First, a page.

The Incredible Mind of a Mature Woman

· May 16, 2016
There comes a time when your biological clock will signal you to start caring for yourself, making yourself happy, and taking on that personal growth that you’ve been putting off

Sylvia is a 48 year old woman who woke up one morning very determined. She told herself: “It’s over, here we are, I want a divorce.” She was convinced that her husband thought too much of himself and that their relationship wasn’t going anywhere.

She realized that she’d spent the better part of her life taking care of others. She was surrounding herself with people who only cared about themselves. The fog keeping her from seeing what was just out of reach suddenly dissipated.

Somehow, something had changed, the strings of her heart had tightened, and paradoxically Sylvia realized that for once, she needed to take care of herself.

She wanted to take advantage of her life, cut loose what wasn’t working, and tackle the housekeeping of her day to day existence…

2 hummingbirdThe mind of a woman after 40

The mind of a woman after she turns 40 is like a time bomb that’s in its last hormonal cycle. Every year of her life a woman waters and fertilizes her neural connections. As a result, she has both newer and more important thoughts, emotions, and interests.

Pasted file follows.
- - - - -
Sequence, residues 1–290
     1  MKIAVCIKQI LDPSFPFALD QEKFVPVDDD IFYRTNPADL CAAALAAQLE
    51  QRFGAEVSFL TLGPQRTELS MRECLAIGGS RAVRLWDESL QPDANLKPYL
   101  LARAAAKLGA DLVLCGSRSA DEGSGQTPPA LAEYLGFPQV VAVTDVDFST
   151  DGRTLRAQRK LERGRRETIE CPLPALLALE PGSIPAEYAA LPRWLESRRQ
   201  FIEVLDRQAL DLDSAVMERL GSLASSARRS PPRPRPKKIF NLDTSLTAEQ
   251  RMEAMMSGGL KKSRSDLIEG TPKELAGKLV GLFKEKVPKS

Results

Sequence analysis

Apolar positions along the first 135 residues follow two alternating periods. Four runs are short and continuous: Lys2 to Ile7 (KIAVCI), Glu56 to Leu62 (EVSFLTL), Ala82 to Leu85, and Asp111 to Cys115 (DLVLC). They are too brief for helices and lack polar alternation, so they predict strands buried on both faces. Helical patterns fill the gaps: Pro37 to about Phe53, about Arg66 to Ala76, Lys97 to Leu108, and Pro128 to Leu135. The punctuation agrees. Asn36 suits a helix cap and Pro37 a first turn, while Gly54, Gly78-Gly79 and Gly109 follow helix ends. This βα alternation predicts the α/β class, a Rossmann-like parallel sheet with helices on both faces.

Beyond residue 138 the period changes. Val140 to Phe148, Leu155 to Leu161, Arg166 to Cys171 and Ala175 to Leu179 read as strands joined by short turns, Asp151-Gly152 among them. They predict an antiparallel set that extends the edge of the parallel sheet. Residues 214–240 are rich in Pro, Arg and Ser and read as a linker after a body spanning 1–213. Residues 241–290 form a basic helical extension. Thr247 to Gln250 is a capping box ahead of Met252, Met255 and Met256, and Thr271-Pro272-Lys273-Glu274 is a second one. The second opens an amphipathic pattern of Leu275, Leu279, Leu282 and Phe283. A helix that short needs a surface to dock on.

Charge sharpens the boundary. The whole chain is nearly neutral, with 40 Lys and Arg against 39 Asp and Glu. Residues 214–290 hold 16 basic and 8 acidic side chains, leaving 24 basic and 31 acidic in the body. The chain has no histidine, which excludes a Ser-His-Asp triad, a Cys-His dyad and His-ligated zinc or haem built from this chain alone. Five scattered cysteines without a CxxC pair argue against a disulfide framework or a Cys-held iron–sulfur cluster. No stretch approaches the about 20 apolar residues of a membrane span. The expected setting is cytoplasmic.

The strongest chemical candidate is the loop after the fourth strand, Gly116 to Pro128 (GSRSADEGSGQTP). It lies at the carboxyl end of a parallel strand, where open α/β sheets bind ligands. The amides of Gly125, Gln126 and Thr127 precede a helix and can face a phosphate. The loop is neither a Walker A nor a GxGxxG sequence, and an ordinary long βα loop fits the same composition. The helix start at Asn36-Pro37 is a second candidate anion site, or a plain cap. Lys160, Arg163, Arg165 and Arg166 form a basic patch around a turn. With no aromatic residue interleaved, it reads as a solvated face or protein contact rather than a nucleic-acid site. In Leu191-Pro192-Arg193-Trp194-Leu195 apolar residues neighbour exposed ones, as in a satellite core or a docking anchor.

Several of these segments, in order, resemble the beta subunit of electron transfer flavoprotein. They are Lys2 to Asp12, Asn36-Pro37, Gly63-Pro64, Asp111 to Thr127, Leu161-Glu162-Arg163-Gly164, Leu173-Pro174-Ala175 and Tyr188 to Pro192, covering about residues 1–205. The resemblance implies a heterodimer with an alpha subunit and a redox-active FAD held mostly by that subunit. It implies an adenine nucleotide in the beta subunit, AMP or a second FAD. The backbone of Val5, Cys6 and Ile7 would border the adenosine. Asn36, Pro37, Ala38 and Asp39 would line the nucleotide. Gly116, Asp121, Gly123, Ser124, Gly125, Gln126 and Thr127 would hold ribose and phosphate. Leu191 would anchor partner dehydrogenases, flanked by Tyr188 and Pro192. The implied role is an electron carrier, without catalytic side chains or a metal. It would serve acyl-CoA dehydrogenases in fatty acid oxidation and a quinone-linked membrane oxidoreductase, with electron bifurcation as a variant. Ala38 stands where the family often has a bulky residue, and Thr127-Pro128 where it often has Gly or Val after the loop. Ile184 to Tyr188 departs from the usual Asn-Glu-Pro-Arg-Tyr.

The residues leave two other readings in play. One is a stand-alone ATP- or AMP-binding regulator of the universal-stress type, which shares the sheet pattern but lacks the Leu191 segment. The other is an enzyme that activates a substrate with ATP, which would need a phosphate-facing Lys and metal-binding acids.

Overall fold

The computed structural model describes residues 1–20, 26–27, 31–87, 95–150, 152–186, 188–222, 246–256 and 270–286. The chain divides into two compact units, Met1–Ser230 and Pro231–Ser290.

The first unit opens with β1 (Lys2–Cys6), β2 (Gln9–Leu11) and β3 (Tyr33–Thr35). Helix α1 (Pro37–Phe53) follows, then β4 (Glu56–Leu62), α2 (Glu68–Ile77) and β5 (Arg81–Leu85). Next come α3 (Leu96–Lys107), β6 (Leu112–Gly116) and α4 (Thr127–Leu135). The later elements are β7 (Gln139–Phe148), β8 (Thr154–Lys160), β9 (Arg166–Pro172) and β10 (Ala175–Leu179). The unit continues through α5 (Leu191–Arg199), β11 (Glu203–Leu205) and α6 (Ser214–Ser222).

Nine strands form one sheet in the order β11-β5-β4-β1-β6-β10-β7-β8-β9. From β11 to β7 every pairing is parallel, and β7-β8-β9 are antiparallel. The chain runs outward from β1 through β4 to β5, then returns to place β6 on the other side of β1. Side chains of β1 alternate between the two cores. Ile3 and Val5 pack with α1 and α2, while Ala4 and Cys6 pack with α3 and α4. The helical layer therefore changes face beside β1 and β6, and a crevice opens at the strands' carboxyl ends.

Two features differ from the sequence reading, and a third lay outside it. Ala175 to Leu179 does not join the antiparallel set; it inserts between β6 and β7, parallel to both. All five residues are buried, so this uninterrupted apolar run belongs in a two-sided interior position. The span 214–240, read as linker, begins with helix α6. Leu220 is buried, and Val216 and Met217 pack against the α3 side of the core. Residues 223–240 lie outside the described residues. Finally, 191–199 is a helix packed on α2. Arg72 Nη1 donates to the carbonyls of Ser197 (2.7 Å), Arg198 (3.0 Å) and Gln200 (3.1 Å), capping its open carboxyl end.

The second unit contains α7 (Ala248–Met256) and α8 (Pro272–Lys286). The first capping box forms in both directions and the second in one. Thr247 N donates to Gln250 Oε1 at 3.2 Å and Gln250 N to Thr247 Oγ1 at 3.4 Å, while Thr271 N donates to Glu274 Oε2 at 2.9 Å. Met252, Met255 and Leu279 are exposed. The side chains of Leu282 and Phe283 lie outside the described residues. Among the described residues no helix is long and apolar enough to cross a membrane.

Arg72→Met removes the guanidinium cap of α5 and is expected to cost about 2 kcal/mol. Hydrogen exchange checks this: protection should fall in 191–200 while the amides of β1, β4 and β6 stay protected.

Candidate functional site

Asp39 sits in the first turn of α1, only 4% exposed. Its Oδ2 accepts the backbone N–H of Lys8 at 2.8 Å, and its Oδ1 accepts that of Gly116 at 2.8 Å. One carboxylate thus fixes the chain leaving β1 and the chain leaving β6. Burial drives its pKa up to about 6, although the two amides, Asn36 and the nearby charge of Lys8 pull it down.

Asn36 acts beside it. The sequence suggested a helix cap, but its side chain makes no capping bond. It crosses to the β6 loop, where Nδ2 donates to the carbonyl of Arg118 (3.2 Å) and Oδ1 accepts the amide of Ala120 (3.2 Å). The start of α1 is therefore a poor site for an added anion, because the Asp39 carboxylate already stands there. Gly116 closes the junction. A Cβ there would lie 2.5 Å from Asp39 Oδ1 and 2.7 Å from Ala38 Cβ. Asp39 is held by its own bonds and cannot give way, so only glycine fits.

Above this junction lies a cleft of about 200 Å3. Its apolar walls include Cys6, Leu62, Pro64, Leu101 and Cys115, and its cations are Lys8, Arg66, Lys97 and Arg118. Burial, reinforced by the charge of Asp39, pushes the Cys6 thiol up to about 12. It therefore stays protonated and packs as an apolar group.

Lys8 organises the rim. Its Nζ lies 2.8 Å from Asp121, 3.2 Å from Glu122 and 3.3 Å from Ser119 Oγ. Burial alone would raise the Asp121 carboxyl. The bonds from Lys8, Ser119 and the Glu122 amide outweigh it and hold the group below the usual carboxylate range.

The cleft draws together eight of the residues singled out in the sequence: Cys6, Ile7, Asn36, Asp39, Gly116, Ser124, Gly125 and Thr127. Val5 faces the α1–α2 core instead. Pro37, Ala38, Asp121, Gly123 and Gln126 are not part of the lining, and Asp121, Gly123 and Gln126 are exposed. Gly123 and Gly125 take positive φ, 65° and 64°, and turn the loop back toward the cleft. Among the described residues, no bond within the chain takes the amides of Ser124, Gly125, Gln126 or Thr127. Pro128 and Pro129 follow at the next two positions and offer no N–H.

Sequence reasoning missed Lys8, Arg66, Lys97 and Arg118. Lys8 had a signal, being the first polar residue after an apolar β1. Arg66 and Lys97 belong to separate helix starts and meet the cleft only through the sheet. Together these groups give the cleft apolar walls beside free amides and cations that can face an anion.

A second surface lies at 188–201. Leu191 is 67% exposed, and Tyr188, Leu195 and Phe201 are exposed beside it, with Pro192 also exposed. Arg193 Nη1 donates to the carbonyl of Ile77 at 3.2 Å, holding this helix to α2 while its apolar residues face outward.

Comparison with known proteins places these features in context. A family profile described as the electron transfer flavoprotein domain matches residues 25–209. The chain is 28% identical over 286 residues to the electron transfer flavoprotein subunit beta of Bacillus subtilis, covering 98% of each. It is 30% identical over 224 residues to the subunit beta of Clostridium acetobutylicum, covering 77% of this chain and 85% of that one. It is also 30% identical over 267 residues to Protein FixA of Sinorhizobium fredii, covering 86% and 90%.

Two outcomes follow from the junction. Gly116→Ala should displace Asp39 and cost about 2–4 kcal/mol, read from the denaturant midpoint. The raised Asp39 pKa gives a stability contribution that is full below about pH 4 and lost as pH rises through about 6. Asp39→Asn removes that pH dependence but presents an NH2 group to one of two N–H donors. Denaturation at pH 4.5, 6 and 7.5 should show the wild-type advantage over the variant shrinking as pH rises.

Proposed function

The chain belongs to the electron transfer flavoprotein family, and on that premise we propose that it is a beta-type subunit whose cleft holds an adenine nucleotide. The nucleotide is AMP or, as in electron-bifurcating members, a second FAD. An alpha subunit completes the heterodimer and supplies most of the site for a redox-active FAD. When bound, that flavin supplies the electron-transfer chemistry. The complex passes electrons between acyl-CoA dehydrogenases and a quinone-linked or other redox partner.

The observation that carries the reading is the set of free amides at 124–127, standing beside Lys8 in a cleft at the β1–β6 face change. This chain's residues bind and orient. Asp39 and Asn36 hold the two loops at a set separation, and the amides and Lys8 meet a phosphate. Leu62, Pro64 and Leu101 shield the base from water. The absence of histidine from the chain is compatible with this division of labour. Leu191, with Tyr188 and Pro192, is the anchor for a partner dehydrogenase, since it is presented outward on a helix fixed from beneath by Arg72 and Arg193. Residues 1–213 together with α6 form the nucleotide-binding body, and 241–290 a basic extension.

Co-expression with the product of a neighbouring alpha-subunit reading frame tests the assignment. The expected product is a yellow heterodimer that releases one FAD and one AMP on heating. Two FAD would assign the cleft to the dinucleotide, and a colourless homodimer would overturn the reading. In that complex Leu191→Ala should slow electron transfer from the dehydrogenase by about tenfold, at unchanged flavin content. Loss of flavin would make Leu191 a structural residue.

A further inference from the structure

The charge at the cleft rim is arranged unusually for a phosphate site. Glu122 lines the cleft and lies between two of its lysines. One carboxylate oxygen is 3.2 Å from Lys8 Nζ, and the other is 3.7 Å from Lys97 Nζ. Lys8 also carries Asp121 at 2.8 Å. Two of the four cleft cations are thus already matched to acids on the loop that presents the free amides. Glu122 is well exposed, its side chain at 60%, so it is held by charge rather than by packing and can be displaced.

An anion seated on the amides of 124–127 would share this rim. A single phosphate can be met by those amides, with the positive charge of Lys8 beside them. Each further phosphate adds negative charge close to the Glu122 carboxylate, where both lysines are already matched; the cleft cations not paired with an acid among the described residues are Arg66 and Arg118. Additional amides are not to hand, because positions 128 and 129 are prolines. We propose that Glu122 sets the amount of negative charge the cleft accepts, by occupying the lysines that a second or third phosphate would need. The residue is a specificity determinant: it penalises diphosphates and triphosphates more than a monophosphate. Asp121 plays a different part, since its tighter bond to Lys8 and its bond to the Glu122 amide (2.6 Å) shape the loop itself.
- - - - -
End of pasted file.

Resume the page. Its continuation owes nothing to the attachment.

As you know, a woman’s brain changes constantly throughout her life. Her reality is typically not as stable as that of a man. They say it’s as if the brain of a man were like a mountain because changes to its structure are almost impossible to perceive.

The female mind is like the weather, changeable and difficult to predict. If it can change so much in just a week, where might the hormonal roller coaster of life take you?

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3 cat on beachThe wonderful gift of being a mature woman after 40

Just like what happened to Sylvia, thousands of women begin to question their lives at this time. They examine what has led them to the place they are today. Women examine what they want, and what they can change.

This is because they want to reconcile their responsibilities without sacrificing themselves, their desires, and their concerns. To accomplish this, they begin to take risks that allow them to rediscover the path they left long ago.

That’s why it’s common for women of this age start to clarify their views. They may also feel more awake and active, and decide to resolve the situations and emotional demands of their life.

At a certain age, your reality will begin to change, making everything seem clearer and easier to take on. The power that a woman can give herself over the years is something that Oprah Winfrey captured perfectly with these words:

I’m amazed that at this age I’m still developing myself, looking for things within and outside of personal boundaries to clarify it. When I was 20 I thought there would be some magic age at which point I’d be an adult – maybe 35 – and my “adult life” would be complete.

It’s funny how that number has changed over the years and how even at 40, said by society to be middle age, I still felt like I wasn’t the adult I was sure I would be.